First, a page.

A recent legal dispute between graffiti artists and the fashion retail giant H&M brought attention to the struggle many artists face when protecting their work from those who would infringe on its copyright. Many artists, writers, photographers and creative people in New York and across the country get little respect for the work they do and may find themselves involved in David and Goliath battles against corporations that take advantage of them. This lawsuit is an example of how intellectual property litigation can bring about change.
Street artist Revok heard through friends that H&M was using for a marketing campaign images Revok had painted in New York. The paintings were on public property and had been painted without the city's permission. The artist filed for a cease and desist order because he had not authorized the use of the images in the ad, and he did not want his art associated with a retail clothing chain. H&M responded with its own lawsuit, alleging that Revok cannot own a copyright on graffiti that is essentially vandalism.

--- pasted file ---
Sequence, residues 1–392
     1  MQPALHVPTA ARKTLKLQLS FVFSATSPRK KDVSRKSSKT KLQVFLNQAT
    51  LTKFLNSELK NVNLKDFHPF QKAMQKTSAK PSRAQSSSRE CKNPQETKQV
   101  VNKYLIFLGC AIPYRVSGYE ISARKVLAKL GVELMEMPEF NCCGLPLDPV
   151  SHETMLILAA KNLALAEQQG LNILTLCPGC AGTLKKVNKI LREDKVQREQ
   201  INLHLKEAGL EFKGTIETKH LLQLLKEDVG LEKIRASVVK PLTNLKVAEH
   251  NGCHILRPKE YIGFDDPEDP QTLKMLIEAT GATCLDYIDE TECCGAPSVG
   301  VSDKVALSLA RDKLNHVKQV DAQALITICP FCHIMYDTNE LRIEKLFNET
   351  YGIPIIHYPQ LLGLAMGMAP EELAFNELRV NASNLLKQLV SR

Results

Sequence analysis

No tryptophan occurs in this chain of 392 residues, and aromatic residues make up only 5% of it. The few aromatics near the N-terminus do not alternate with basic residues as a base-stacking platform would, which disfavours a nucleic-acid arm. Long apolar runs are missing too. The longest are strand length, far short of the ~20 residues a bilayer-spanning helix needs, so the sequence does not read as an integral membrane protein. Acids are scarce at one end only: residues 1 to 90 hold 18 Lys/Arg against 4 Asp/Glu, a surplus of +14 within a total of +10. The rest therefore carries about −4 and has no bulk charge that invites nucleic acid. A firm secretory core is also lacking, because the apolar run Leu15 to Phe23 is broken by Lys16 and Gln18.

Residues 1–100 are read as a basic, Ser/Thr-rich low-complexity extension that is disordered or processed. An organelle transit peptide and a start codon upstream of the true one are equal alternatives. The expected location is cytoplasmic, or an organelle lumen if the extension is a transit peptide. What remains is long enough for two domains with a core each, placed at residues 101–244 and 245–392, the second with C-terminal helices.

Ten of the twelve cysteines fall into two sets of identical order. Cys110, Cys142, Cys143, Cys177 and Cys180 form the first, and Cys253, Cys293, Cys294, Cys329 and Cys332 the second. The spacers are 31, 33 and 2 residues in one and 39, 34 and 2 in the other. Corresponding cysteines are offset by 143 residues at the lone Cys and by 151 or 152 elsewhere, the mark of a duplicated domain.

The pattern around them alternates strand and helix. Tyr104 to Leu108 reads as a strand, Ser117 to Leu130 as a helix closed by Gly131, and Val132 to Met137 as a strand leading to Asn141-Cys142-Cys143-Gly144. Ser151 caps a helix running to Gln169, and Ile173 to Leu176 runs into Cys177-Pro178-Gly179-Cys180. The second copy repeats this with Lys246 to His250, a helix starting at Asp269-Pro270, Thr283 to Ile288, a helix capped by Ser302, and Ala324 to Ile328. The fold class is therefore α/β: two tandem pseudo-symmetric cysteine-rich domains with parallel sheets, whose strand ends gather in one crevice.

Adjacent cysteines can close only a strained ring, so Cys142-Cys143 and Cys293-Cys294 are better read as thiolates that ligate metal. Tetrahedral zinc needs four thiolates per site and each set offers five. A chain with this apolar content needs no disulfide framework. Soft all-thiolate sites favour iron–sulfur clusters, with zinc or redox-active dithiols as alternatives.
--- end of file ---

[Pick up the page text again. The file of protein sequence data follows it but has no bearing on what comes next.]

Fearing the precedent the success of such a lawsuit could set, supporters of Revok urged action, saying that the protections of copyright law are not limited to sanctioned works. They warned the public that a ruling in H&M's favor could allow wealthy corporations free use of murals and other works of art without compensation to the artists. Facing a backlash from artists and their supporters nationwide, including a planned boycott of all its stores, H&M quickly dropped the lawsuit.
This situation exemplifies the fact that the work of artists is always in danger of misappropriation. With the advocacy of a skilled New York attorney, intellectual property litigation can serve a two-fold purpose. It can pursue compensation for an artist whose work has been misused, and it can send a clear message to those who take advantage of someone else's created work.
Source: quartzy.qz.com, "H&M made a big mistake going after grafitti artist", Marc Bain, March 16, 2018